Is Occupy Wall Street
fueling a populist political movement on the left that can pave the way to new economic stimulus, dramatic economic reforms in the tax code, or whatever else they might seek? I'm not trying for cheap snark -- but they have been somewhat unclear about their goals
Could the protest movement even help energize voters on the political left, in the same way the tea party did on the right in 2010, and thus help Barack Obama and other Democrats find victory in November 2012?
Or, as my Duck of Minerva colleague
Megan MacKenzie argued today, should the White House be ashamed for ignoring (and thereby "insulting") the anti-Wall Street populism for the past 10 days?
I have to disagree with Megan on this one.
Sunday, Obama blasted Bank of America
for its $5 fee on debit card users. "You don’t have some inherent right just to, you know, get a certain amount of profit, if your customers are being mistreated,” he said. Later, he added, “this is exactly the sort of stuff that folks are frustrated by.” Was that a nod to the protesters? It sure sounds like they are on the same side.
The National Journal today
criticized the President for his overt "tax the rich" populism -- an approach some of his advisors apparently think will fail in key swing states. Steve Benen
dismissed that take, however.
A month ago, independents sided with the GOP by a five-point margin on creating jobs, but now we independents siding with Obama by 13 points. That’s a pretty dramatic swing in a fairly short period of time, suggesting that those arguing that the president is driving independent voters away with his new economic message have this precisely backwards.Google the White House website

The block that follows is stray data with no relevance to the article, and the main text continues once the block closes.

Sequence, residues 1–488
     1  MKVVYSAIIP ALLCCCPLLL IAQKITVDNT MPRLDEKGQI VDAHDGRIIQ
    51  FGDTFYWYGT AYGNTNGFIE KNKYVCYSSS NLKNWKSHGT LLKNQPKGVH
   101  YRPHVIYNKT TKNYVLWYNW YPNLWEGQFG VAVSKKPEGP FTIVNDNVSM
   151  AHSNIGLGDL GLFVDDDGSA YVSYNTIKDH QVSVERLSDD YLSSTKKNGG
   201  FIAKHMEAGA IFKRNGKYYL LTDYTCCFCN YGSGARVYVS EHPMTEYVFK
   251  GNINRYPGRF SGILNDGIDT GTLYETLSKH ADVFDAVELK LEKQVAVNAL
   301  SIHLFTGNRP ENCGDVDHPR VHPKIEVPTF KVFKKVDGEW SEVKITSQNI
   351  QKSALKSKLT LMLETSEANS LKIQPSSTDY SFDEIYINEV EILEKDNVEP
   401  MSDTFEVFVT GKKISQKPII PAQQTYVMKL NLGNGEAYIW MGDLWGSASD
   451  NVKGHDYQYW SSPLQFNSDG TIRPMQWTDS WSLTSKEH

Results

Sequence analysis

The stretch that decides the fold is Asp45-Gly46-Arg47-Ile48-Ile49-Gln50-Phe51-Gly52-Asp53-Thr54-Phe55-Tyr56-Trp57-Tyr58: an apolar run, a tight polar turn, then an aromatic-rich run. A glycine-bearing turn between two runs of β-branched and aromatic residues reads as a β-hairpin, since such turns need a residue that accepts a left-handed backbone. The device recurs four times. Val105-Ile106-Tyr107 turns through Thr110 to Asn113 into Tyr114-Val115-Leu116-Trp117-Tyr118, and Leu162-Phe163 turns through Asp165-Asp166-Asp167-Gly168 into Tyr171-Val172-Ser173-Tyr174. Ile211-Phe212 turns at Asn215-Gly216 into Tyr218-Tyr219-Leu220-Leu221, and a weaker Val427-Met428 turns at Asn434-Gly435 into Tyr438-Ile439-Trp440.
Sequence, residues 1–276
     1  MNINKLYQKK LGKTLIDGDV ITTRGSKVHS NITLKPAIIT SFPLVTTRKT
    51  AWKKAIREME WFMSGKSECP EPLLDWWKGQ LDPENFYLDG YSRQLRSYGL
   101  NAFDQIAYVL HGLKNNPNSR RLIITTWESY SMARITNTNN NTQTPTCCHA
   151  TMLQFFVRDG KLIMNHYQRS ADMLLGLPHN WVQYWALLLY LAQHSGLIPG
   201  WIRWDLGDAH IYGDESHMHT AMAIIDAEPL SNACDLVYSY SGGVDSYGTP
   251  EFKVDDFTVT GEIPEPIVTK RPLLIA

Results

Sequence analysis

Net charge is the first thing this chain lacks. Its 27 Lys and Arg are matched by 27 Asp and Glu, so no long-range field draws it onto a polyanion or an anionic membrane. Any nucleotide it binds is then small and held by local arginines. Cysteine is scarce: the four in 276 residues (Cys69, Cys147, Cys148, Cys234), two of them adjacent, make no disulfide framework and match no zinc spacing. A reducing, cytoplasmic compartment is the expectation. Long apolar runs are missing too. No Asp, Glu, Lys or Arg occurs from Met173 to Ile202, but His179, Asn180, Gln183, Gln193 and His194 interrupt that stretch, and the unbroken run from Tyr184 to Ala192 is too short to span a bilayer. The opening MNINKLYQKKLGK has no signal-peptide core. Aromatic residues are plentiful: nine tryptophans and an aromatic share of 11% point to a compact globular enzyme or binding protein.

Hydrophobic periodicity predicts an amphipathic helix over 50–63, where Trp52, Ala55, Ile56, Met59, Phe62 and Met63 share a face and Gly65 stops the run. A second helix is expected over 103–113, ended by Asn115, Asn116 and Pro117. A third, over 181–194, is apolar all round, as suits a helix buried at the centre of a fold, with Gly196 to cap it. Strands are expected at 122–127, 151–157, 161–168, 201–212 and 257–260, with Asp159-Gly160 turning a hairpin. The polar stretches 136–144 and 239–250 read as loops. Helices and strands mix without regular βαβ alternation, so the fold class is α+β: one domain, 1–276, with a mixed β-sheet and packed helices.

for "Wall Street" and you learn that the President or his chief spokespersons have been demonizing Wall Street in some way almost every day -- and pointing out that their reform law was aimed at tightening regulation. Here's a sample from September 30
frankly, we had seen the rules tilted against ordinary folks in favor of those who were well connected in Washington or powerful on Wall Street.
And we argued in 2008 -- and we captured I think the imaginations of a lot of people -- that we could bring about some fundamental change if we got past some of the partisan rancor and the constant politicking that had come to characterize Washington.
Treasury Secretary Tim Geithner today
emphasized "shock" that Wall Street itself has turned against President Obama -- and he expressed (somewhat incoherent) sympathy for the concerns of those who Occupy Wall Street. For the new populist Obama, it is desirable for Wall Street to hate you. "The enemy of my enemy is my friend," right?
And finally, Politico reported this
additional evidence today:
“He [Obama] gets genuinely pissed off at the banks; it’s not an act,” said Jared Bernstein, a former adviser to Vice President Joe Biden, who participated in Obama’s daily economic briefing in the Oval Office for the first year of the administration.... “The angriest I ever saw the president was when we found out about those bonuses,” he said. [The banking industry] is like a Doberman he found by the side of the road, nursed back to health, only to have them jump up and bite him.
Our newly populist president has seen his poll numbers drop month-after-month. I do not know if his new economic message will reverse those trends, but it does appear as if he's rolled up his sleeves for a fight with Wall Street. And in doing that, he's with the Occupy Wall Street crowd.
Visit this blog's homepage.
Follow me on twitter.